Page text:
Pitkin County assessor working through protests
Aspen, CO Colorado
ASPEN – The Pitkin County Assessor’s Office has finished reviewing more than half of the protests filed by property owners who disagree with the value assigned to their properties.
The office will mail out roughly 2,500 notices of determination next week. In perhaps a quarter of those cases, the assessor’s office has adjusted the valuation originally assigned the properties, said assessor Tom Isaac.
The total number of protests now stands at about 4,500, and Isaac expects the total could climb toward 5,000 before his office is done with its reviews this month. Though the deadline for property owners to protest their property values has passed, the assessor’s office can choose to review properties even though no protest was filed. If a significant number of homeowners in one complex or neighborhood files protests, the office may review the values assigned to other nearby properties, as well, Isaac said.
With about 15,000 total properties in Pitkin County, about a third of all property owners are protesting the values assigned by the assessor.
By the time Isaac’s office has reviewed them all, the assessor anticipates perhaps 1,200 to 1,500 property owners will see an adjustment. A second batch of notices of determination will be mailed out at the end of the month.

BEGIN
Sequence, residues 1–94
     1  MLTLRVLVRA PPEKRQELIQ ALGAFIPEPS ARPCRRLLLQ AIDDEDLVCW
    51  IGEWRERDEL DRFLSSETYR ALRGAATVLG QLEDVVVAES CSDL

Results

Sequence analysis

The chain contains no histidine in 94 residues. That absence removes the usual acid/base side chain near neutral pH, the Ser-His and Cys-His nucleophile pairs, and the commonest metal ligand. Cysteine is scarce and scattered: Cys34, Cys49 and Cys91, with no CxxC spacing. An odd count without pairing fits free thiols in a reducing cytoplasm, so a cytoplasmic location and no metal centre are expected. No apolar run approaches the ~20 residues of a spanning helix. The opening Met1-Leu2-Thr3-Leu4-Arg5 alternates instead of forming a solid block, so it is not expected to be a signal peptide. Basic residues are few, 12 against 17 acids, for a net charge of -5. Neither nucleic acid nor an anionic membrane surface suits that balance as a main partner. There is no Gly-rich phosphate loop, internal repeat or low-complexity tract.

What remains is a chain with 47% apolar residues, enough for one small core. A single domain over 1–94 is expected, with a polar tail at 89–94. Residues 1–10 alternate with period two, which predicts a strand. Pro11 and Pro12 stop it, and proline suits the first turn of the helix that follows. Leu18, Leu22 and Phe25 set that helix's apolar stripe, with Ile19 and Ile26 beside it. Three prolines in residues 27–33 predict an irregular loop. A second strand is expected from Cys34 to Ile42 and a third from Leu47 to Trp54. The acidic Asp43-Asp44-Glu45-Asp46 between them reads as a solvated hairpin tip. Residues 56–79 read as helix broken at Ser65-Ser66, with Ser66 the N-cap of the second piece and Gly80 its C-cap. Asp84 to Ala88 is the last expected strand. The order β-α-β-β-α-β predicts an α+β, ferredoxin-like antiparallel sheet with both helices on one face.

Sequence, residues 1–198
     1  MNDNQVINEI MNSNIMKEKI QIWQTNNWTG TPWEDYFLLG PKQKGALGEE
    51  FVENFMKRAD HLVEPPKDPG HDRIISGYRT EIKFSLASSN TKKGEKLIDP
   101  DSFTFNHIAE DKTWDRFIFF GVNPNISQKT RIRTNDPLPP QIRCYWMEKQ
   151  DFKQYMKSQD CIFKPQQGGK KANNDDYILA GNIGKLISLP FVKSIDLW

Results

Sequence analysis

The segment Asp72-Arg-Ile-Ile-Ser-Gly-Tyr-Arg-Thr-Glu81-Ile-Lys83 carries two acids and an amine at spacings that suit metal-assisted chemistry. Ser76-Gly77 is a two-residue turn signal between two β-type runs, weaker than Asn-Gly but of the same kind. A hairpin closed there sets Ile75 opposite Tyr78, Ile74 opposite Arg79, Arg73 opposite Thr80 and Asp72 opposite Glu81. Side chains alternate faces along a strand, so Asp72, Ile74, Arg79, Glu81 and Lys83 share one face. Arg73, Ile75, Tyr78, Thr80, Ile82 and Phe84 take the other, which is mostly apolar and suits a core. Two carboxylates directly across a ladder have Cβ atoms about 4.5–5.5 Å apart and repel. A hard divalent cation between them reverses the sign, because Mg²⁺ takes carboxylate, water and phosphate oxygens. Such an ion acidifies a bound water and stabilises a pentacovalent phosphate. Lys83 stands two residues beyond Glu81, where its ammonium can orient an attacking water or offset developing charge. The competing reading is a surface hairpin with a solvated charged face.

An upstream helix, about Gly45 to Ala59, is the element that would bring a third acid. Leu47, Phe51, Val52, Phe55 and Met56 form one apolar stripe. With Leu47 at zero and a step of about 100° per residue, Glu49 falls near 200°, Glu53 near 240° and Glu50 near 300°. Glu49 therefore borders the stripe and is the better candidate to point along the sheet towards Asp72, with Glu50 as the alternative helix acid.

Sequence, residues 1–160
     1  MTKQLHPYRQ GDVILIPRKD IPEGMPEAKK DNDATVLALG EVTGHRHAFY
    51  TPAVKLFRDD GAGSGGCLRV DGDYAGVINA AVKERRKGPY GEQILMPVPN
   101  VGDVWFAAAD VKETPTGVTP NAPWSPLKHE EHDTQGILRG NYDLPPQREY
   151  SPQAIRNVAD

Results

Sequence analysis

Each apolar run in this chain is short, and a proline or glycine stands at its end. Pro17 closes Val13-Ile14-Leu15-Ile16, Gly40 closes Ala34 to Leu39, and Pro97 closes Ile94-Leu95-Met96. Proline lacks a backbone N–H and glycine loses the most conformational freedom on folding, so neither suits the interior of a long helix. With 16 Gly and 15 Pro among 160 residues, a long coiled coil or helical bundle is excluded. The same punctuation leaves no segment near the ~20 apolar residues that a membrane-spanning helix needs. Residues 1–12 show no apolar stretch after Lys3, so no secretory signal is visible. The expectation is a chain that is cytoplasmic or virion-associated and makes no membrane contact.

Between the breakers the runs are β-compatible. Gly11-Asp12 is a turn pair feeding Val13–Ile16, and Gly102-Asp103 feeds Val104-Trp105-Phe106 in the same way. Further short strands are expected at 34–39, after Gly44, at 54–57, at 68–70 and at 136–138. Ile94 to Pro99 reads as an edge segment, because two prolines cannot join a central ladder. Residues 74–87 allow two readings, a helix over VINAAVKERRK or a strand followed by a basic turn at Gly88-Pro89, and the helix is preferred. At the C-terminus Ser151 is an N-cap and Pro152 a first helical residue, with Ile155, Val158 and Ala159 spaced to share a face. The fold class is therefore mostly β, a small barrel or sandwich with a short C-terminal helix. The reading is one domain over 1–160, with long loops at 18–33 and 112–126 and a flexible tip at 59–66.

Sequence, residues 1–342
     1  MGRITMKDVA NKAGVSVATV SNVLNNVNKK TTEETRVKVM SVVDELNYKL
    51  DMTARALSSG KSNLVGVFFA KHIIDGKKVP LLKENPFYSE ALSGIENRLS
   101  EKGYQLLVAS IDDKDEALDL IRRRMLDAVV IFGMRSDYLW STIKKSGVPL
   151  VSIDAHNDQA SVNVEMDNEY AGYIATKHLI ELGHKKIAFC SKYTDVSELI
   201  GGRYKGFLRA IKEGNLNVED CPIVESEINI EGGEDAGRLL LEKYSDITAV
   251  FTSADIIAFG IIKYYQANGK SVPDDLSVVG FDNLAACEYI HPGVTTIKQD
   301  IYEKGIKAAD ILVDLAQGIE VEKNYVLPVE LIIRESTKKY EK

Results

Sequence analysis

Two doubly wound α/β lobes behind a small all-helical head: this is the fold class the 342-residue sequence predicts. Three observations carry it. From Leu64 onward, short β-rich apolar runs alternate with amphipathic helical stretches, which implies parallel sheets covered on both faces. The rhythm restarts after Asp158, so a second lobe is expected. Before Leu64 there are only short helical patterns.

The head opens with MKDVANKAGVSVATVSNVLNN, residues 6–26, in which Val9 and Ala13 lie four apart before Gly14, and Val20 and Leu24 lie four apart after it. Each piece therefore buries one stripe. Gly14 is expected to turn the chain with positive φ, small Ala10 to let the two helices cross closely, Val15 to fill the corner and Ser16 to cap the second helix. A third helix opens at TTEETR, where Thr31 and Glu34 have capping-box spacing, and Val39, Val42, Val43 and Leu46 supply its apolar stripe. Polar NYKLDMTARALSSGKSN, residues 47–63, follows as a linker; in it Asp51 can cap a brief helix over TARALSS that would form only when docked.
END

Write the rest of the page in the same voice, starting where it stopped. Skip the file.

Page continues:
The next step, for property owners who aren’t satisfied with the outcome of their protest and wish to further pursue the matter, is to file an appeal with the county board of equalization and schedule a hearing. County commissioners make up the board’s membership, but four hearing officers have been hired to hear the appeals in their stead.
Isaac is urging property owners who receive their notice of determination in the coming days to call the board of equalization phone number on the notice and set up their hearing quickly if they plan to appeal, so the hearing officers can get a jump on what may be a lot of hearings.
The hearings can be scheduled starting July 5 and must be done by Aug. 5, Isaac said.
Anyone who is not satisfied with the outcome of an appeal can turn next to the state board of assessment appeals, district court or binding arbitration. All three options involve some financial outlay by the property owner.
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